Well, here we are, nearing the end of another year. Now is the time where people commonly wrap up their to-do list before December 31st hits and anticipate what might change for the year ahead. Financially speaking, updates to retirement plan contributions is typically one of those items that should be reviewed. In a move driven by soaring inflation, the IRS has increased maximum retirement contributions for 2023.
Last month, the IRS announced myriad inflation adjustments, including a Social Security cost-of-living adjustment (COLA) of 8.7% that will impact 70 million Americans. We haven’t seen adjustments like these since 1981, making it the highest increase in 40 years. Also affected: higher standard deductions and tax brackets, plus increases in wealth transferred without gift or estate tax.
Read on to see if these updates will impact you.
Effects of Record-High Inflation
Inflation isn’t all bad. In fact, some retirees might experience fortuitous benefits. However, the effects of record-high inflation have been felt by everyone. Now, thanks to the latest cost-of-living adjustment, those receiving Social Security benefits will welcome, on average, an additional $150 per month starting in January.
And for those contributing to retirement accounts, you’ll also be able to contribute more in 2023.
401(k) Contribution Limits for 2023
If you have an employer-sponsored 401k, 403b, or 457 plan, your maximum contribution limit will increase to $22,500 in 2023. This is a $2,000 increase on 2022 contribution limits.
Catch-up contributions will increase, too. Those aged 50 or older will be eligible to make an additional $7,500 catch-up next year, bringing their total contribution up to $30,000 in 2023.
IRA and Roth IRA Contribution Limits for 2023
For those contributing to non-employer-sponsored retirement savings accounts, annual limits will increase for traditional and Roth IRAs up to $6,500 in 2023.
Take note that Roth IRAs do have income limits:
- For single filers, that’s $138,000 to $153,000 (up from $129,000 to $144,000)
- For married couples filing jointly, that’s $218,000 to $228,000 (up from $204,000 to $214,000 in 2022).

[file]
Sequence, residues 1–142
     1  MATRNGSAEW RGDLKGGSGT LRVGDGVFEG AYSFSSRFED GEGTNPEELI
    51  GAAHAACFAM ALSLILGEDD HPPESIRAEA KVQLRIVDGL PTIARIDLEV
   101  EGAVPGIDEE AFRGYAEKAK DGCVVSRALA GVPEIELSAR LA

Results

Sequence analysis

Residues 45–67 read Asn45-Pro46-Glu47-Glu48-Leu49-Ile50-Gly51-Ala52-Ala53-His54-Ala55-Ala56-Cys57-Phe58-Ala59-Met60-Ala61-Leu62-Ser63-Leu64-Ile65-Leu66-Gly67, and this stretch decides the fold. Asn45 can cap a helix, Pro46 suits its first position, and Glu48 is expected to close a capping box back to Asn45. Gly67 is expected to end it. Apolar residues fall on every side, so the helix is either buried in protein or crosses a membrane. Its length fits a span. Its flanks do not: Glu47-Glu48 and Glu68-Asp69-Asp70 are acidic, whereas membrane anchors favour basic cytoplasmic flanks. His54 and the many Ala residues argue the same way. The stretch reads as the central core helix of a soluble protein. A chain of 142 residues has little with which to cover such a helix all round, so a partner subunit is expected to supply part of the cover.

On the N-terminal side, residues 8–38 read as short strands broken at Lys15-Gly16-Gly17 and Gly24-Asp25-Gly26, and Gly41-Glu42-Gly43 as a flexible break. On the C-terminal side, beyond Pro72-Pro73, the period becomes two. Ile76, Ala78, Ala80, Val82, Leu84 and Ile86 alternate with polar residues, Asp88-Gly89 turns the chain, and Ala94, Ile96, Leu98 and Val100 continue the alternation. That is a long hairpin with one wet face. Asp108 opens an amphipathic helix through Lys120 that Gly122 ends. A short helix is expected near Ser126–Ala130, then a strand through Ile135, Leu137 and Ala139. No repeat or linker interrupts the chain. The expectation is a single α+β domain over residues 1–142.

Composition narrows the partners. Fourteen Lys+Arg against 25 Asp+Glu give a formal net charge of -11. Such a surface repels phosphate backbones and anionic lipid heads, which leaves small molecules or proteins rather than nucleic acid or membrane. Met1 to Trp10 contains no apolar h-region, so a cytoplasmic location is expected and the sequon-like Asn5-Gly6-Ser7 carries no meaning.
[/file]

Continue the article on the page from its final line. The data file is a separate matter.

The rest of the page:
- For those individuals that are married and filing separately, the range has stayed the same.
Unfortunately, the IRS did not raise the catch-up contributions on traditional or Roth IRAs.
You can see the full IRS breakdown here. Note: it’s a 28-page document that covers all changes coming in 2023.
So, Should Your Saving Strategy Change in Response to the IRS Updates?
If you’re wondering if you should increase your contributions next year just because you can – ultimately, that comes down to your financial situation. Do you currently contribute the maximum each year? A recent Vanguard study found that only 14% of Vanguard 401k account holders contributed the maximum amount allowed. And we know what you’re thinking, but you’d be surprised to learn that a whopping 58% of those people make over $150,000 annually!
So, if you’re feeling the pressure to contribute more in 2023, consider the following.
- If a percentage of your contributions is matched by your employer, you should absolutely contribute enough to earn the match. Otherwise, you’re just losing out on free money.
- If you still have additional money to invest, consider the tax benefits of opening a Roth IRA. You can contribute to a Roth IRA and 401k simultaneously if you meet the income requirements.
- Experts recommend investing 12% – 15% of your annual income towards retirement. Can you ramp up your contributions?
- No matter where you are, review your retirement plan and try boosting it over time to maximize your contributions. And most importantly, contribute early and
- Refrain from assuming that maxing out each year means saving enough to replace your income in retirement.
- Take advantage of pre-tax contributions to save more! This could equate to a savings of tens of thousands of dollars over the next decade. (And for high-income business owners, your tax savings could be in the millions of dollars!)
In 2023, the effects of inflation and a cost-of-living adjustment will enable eligible individuals to contribute more to their retirement accounts than they could before. However, just because you can increase your contributions to these accounts doesn’t mean you must. Instead, it would be wise to focus on attaining your employer match and increasing your annual savings over time.
If you need help navigating these changes and their impact on your retirement savings, schedule your 15-minute introduction call today!